The Indian film industry was on a roll for most of 2015. From the industry’s biggies realising, finally, that there is no substitute for good content to smaller filmmakers waking up to the power of digital campaigning, it was a year of serious learning for the industry.
In this season of lists on anything-under-the-sun-in-2015, we’ve decided to take a break from convention here. If this year was about big ticket films, it was as much for a few cinematic gems that lit up the year for us. These films were unique in terms of content, budget and acting, and thus they deserve to be seen more on DVDs and TV. Here’s a list of 8 underrated films that should have put the box office on fire in 2015.
Titli (Kanu Behl): Though producer Dibakar Banerjee and Yash Raj Films made sure Titli gets a simultaneous wide release in front of Main Aur Charles and Guddu Ki Gun, the quintessential multiplex audience thought differently. Make no mistake. Titli could well be counted among the best films of 2015, and stands its ground effortlessly in an illustrious crowd of money spinners and award winners.
Qissa (Anup Singh): Your DVD repertoire won’t be complete without this film. Qissa is one of the most stylised films our industry has ever seen. And we haven’t talked about Irrfan Khan, Tilottama Shome and Rasika Dugal’s acting prowess yet. Qissa is aptly tag-lined ‘a tale of a lonely ghost’. Indeed, this is one of those rare films which have a haunting effect on you even months after you’ve watched it.
Court (Chaitanya Tamhane): Yes, it went to the Oscars, but you haven’t seen it yet, right? Court is not a film where you would have to differentiate between the story and the storytelling. Both are one in this film. The characters are the story and the story is its characters. It’s satirical, radical, revolutionary, simple, complex, all at the same time.
Manjhi (Ketan Mehta): Could you find a film better than Manjhi – The Mountain Man if you look for messages wrapped in film roles? Dashrath Manjhi wasn’t just a man; he was a symbol, of our indomitable spirit and forward looking approach. Just sit in solitude and think about it: There was a man who broke a mountain in 27 years because he wanted to leave something behind for his fellow human beings. Can you get more human than this, ever? And, Nawaazuddin Siddiqui was icing on the cake.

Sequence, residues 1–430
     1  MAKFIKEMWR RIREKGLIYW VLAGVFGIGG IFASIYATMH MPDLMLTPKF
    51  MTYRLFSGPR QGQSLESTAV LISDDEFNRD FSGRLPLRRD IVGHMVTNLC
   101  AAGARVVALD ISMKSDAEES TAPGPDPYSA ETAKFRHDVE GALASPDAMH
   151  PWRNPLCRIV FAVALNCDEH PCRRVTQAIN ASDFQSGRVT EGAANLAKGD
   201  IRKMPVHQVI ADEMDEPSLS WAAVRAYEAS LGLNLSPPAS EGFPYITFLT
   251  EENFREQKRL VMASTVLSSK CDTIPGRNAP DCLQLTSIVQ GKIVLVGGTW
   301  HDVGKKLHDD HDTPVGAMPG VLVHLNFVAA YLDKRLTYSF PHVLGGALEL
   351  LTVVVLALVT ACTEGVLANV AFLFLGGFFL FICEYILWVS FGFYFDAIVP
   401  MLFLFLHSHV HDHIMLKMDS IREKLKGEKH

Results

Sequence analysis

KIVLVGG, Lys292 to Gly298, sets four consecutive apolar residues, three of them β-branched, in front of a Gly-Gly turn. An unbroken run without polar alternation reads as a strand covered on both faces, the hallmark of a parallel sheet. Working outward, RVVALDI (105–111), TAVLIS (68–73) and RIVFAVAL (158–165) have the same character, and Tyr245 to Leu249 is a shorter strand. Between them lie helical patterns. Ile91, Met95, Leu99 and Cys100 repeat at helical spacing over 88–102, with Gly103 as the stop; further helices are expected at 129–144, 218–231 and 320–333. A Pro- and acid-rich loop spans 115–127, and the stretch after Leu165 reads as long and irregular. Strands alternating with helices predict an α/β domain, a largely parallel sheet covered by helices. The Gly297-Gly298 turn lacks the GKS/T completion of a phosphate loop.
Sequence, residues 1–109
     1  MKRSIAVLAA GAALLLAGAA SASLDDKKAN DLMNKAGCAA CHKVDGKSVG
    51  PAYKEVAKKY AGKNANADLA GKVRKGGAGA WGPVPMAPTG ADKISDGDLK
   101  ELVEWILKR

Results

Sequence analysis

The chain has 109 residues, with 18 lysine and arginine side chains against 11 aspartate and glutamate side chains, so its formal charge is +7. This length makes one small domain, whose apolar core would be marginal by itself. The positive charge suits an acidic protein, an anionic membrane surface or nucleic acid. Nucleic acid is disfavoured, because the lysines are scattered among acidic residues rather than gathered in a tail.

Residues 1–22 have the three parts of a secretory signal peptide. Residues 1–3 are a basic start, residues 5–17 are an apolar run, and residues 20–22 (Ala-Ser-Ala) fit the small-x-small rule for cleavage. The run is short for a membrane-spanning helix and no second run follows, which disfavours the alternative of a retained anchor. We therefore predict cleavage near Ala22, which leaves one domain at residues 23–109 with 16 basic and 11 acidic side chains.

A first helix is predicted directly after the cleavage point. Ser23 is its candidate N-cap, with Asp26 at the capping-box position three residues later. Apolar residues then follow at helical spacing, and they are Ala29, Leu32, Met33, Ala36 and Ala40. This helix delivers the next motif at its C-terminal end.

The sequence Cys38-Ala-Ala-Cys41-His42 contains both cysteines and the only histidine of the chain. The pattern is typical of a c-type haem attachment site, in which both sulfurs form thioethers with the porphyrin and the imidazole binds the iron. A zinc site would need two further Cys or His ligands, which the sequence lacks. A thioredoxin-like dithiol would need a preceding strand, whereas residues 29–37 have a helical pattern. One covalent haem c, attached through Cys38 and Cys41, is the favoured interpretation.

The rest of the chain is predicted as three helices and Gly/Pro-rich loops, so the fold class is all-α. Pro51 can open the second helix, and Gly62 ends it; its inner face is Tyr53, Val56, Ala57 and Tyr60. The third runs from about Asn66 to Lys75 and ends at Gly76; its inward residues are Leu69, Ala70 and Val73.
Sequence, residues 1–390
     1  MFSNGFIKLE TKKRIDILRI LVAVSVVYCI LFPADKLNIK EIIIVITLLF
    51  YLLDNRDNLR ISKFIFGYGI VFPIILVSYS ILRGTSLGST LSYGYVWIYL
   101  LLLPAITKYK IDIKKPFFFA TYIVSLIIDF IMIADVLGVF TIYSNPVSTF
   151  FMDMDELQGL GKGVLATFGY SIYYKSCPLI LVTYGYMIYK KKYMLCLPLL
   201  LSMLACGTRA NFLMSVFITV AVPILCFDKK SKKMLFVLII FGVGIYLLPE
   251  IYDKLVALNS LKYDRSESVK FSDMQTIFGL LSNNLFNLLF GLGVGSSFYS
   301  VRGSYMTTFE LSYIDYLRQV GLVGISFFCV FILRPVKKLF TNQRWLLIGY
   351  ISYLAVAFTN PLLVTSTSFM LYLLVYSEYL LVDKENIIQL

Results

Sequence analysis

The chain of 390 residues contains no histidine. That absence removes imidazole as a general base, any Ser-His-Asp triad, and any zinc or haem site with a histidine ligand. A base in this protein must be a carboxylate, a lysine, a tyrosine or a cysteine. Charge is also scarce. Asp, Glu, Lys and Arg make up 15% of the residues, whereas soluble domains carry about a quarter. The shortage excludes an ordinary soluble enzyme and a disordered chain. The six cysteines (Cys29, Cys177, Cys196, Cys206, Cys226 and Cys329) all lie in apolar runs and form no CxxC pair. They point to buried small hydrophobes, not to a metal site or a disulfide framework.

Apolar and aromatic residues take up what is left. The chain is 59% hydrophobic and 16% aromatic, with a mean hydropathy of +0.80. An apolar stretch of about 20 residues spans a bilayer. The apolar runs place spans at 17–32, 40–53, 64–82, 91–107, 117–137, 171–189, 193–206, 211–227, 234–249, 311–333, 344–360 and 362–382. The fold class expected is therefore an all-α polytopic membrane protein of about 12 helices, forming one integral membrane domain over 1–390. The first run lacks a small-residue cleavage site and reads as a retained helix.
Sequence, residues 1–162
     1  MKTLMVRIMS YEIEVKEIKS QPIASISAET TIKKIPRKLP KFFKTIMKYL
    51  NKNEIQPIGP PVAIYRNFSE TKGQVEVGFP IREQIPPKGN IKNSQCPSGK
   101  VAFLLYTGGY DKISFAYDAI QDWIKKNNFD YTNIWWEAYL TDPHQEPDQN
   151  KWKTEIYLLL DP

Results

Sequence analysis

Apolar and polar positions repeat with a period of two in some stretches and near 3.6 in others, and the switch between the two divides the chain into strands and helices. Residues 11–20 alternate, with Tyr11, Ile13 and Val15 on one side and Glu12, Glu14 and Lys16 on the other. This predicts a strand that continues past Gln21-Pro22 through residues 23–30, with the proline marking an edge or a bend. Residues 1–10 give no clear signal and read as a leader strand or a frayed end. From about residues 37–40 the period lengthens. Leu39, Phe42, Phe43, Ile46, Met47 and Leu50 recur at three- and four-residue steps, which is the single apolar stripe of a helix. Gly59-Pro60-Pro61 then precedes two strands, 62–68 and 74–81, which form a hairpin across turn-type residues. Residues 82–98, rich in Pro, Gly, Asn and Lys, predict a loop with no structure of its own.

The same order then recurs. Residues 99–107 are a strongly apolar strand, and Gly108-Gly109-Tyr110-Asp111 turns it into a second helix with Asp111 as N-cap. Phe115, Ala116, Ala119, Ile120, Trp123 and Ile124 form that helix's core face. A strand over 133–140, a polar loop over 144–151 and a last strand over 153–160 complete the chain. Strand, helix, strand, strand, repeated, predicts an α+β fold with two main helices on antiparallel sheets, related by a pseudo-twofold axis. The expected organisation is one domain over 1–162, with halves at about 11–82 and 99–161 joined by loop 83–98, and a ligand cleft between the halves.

Kaun Kitne Paani Mein (Nila Madhab Panda): This film is in the list because of its nobility and heart. It’s about a cash-strapped royal family which craves for water and thus it hatches a plan to trick the neighbouring prosperous village. From caste system to the propaganda of shining India, a lot of burning issues have been covered in Kaun Kitne Paani Mein, in a humorous way, which makes it even more effective.
Bhaag Johnny (Shivam Nair): No, we are not comparing it with Vantage Point or Run Lola Run. The fact is, Bhaag Johnny has used a similar technique. The intercutting and parallel narrative makes it a film worth watching. And, don’t you think Kunal Khemu is really underrated?
Meeruthiya Gangsters (Zeishan Quadri): The dark underbelly of North India has been fascinating the Bollywood filmmakers since some years now, and Quadri’s film is next in the list, but it’s certainly more engaging than usual gangster films. Its wit, heart and craft are at the right places. There’re some scenes in the film which will hint you towards Zeishan’s untapped latent potential. A team of newcomers has understood the meaning of raw, gritty and noir quite well in this one.
Hawaizaada (Vibhu Puri): Yes, it wasn’t a hit and could only get some mixed reviews. But you can never undermine or overlook its set designing and detailed canvas. I still believe that the first trailer of Hawaizaada was the best we saw this year. Here’s a challenge for you: Spot just one thing that is out of place in any Hawaizaada frame.
(Interact with Rohit Vats at Twitter/ @nawabjha)
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